Nothing fits quite like an old pair of jeans.
Understanding that, Levi Strauss & Co. launched Levi’s Secondhand earlier this month, a platform and program dedicated to the well-worn and well-loved.
The first of its kind jeans-specific buyback program allows shoppers to return older denim pieces to Levi’s stores, including the American Dream location in East Rutherford, for $15 to $35 in store credit.
The pieces then go on Levi’s Secondhand online platform for between $30 and $100, and then into the shopping carts and closets of their next owner.
The reason for the launch? The environment. Extending the life of clothing by an extra nine months of wear reduces the carbon, waste, and water footprints by 20%-30% per item, according to the company.
“This is the single most significant intervention in the lifecycle of clothing,” the Levi Strauss & Co. website said.
The environment is also a factor for shoppers, according to retail analyst and sales consultant John Livesay. “With the whole focus on ‘let’s not be so wasteful, we’re recycling our garbage. Does it make sense to throw away our clothes?’ No, we want to give it to someone who can enjoy it, and we’re not thinking of ourselves as people who have disposable stuff,” Livesay said.
“Helping the planet, there’s kind of a branding in that. Like, did you get your dog at a puppy mill or get a rescue dog? That’s how people are thinking of it. ‘I got this at thredUp because I’m a smart shopper and I’m doing something to help the planet.’” ThredUp is a consignment and thrift marketplace.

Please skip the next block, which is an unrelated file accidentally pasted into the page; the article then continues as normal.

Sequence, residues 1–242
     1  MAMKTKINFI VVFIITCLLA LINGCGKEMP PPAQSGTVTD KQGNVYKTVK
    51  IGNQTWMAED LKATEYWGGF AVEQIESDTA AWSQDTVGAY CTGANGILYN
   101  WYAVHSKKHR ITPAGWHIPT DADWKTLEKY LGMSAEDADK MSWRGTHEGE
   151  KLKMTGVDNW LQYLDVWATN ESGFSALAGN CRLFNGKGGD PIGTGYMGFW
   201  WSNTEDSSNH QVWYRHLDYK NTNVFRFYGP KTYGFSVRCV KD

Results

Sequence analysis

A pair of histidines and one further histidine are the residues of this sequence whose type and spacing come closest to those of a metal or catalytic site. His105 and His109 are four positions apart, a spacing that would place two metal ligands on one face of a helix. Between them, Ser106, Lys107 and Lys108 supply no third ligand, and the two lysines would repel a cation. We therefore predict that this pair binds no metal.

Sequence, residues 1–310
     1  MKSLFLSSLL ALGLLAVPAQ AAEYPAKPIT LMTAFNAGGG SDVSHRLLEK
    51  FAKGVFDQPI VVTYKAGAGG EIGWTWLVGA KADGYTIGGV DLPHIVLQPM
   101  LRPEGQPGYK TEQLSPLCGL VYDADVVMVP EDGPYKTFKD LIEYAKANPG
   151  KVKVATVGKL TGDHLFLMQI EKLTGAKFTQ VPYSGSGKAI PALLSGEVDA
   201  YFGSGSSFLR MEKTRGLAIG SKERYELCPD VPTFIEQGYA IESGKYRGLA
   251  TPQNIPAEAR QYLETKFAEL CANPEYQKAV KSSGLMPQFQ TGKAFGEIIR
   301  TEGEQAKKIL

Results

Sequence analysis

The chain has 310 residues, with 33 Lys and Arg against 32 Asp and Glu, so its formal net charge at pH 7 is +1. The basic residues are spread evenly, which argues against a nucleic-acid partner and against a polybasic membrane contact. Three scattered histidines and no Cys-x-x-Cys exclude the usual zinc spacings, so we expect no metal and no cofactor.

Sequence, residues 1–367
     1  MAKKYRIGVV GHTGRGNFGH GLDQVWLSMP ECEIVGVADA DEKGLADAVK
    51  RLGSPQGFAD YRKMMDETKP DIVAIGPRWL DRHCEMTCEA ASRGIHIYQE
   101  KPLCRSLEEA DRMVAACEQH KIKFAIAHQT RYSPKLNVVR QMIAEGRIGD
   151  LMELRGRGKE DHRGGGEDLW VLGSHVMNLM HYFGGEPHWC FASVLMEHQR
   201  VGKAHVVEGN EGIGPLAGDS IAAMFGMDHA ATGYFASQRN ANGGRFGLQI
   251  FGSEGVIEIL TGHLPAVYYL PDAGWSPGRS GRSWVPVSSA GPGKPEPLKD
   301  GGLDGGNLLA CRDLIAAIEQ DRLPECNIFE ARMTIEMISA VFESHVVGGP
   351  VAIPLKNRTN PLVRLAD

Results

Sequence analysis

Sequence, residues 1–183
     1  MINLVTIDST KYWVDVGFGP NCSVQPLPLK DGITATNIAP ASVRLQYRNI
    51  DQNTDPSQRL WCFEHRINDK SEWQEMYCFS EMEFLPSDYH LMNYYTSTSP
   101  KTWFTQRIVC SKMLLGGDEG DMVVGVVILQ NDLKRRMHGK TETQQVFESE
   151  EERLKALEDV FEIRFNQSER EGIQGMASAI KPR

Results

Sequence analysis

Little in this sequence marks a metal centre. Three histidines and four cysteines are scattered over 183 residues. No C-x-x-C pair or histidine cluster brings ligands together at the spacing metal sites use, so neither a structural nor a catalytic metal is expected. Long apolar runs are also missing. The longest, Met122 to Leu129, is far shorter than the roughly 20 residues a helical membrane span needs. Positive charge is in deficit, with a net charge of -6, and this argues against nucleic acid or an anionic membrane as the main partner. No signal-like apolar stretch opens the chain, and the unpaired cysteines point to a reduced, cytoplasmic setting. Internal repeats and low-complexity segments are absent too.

When retailers like Levi’s enter the secondhand market, the eco-friendly branding reflects well on them, Livesay said.
Consumers gravitate toward secondhand retail for other reasons as well. On one hand, they can go to the store and buy something that not everyone else is going to have; and because each item is cheaper, they can expand their wardrobe without expanding their budget.
The appeal of worn denim is especially high. According to Livesay, while doing field research for his part in Kramer vs. Kramer, Dustin Hoffman allegedly tried to buy a pair of well-worn jeans from a creative director he was talking with. The creative director allegedly said something to the effect of, “You can’t buy these. I’ve worked too hard to wear them in and nothing else will be this comfortable.”
“That’s where it started, the concept of ‘how great would it be if I could have something that’s already broken in?’ It’s kind of like having a puppy that’s already been house broken, in a way,” Livesay said.
Last summer, Macy’s and JCPenney launched separate deals with thredUP, dedicating 500- to 1,000-square-foot sections inside some locations. The Macy’s in Willowbrook Mall and Newport Centre Mall both had sections. But JCPenney quietly pulled out of its partnership with thredUp this year; and though Macy’s corporate office didn’t return a request for comment and still has thredUp assets on its website, a representative at the Willowbrook Mall store said that the section was taken out when it opened up again after being closed because of COVID-19.